By Sally McGruire
On the evening of Feb. 12, Southwestern students along with some of the Winfield community had the opportunity to hear renowned speaker Sarah Panzau talk about drunk driving through personal experiences. Panzau was originally scheduled to speak at Builder Camp. “In my opinion, if she could’ve come to Builder Camp it would’ve been awesome,” said Erin Morton, elementary education freshman, “She would’ve helped all the freshmen because you come into college thinking “party” every weekend, and she expressed how that’s not the life of a college student.”
The presentation began with a slideshow about Panzau before her accident, of which were all pictures of her volleyball triumphs. A final picture flickered on and off the slideshow, and this photograph was a gruesome picture of the accident. Panzau entered the room at this point, immediately listing all of her injuries that resulted from this accident. “We live like we’re never gonna die,” she said, “and that night I chose to drink and drive.”
Panzau gave a small biography of her life before her crash; she was a three year varsity starter for her high school volleyball team in Illinois. She turned down about 20 offers from colleges because she wanted to stay at the junior college she was enrolled in, but after two years of this college, she dropped out for two reasons. “College was hard,” she explained. “I just gave up.”
After this, she became a bartender at age 19.
Panzau then explained the importance of true friends, saying that she didn’t have any. She asked the audience what friends are supposed to do and be like, and loyalty and trust were suggested. The people she was with the night of the crash, consequently, allowed her to leave the place she was drinking at, knowing she was intoxicated. However, Panzau said she has accepted full responsibility of her actions.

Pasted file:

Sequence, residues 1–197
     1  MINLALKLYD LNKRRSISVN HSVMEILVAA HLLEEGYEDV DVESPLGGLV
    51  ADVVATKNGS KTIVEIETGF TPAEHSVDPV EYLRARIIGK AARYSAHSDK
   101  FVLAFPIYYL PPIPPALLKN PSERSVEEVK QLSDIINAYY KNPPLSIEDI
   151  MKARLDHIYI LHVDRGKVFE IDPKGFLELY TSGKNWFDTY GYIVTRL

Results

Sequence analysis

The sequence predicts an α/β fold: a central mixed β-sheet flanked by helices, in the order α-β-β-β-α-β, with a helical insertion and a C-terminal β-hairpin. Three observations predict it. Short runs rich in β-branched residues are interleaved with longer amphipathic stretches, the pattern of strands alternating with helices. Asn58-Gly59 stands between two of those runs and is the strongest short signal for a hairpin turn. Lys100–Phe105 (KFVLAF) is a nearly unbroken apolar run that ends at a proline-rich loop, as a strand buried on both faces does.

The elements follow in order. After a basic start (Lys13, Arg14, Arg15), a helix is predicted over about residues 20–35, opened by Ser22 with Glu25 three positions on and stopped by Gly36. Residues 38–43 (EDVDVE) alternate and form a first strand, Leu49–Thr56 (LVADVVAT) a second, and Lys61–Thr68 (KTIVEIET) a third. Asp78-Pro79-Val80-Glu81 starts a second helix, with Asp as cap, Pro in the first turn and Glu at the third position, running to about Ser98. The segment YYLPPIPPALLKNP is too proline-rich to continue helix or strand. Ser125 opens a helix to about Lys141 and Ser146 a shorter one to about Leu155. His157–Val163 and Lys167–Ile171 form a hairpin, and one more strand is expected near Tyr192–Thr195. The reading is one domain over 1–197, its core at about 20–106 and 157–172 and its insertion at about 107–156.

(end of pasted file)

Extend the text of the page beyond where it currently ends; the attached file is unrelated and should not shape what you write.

Panzau talked for a moment about the relationship between herself and her mother. “I used to call her the spawn of Satan. We were seriously like oil and water,” she said.
Then she tearfully described the point when the police came to her home, wanting her mother to identify Panzau’s body. The officers said at that point, there was a zero percent chance of survival for Panzau. She said, “What I put my mother through still haunts me to this day.”
Then she asked the audience to put themselves into the position of a parents being asked to identify their child’s body.
Keeping the idea of family in mind, Panzau said family should be your number one priority. For three weeks, Panzau was in a medically induced coma, and she said her mother never left her side but only a couple of times when she had to be dragged away by other members of her family.
“People can be lucky”, said Panzau. “You make poor choices, bad things will happen.”
She asked the audience who they would call if they needed a ride in a situation that involved alcohol. She asked if they would try calling their coach or parents. Panzau said, “We wouldn’t because we fear the consequences”
Panzau then went back to talking about her past. She kept a healthy body, and that’s one of the things that helped her survive the crash. Still, she had to have many surgeries to repair her once fit body. Her first surgery was ten and a half hours, and it consisted of having skin graphs from her legs and her buttocks which were placed on her amputated arm. “I do have my butt on my arm,” she said, pointing to parts of her left arm.
“Beauty is only skin deep, and someone who judges isn’t happy with themselves,” she said while explaining her daily torment of stares and fingers being pointed. But now, as she gets to travel around the country and tell her story, she believes that we learn best from other people’s mistakes.
Panzau concluded by talking about being on the U.S. Women’s Paralympics Volleyball Team, and travelling to the Netherlands in 2006. Proudly holding her jersey, she said, “There in a match against Brazil, I was recorded for having the most digs and kills for the U.S. team. I was the only one on the team with one arm.”
As people left the presentation, they had the opportunity to talk to Panzau and take dog tags saying, “Choices matter, I’m living proof” with Panzau’s name on it.
“I like the fact that she was so blunt and honest about everything,” said Lindsey Knack, athletic training senior. Panzau, told her story in detail, making her account of her accident seem as though the audience experienced it firsthand. So while Panzau wasn’t able to speak at Builder Camp, she still made a positive impression on those who came to the presentation.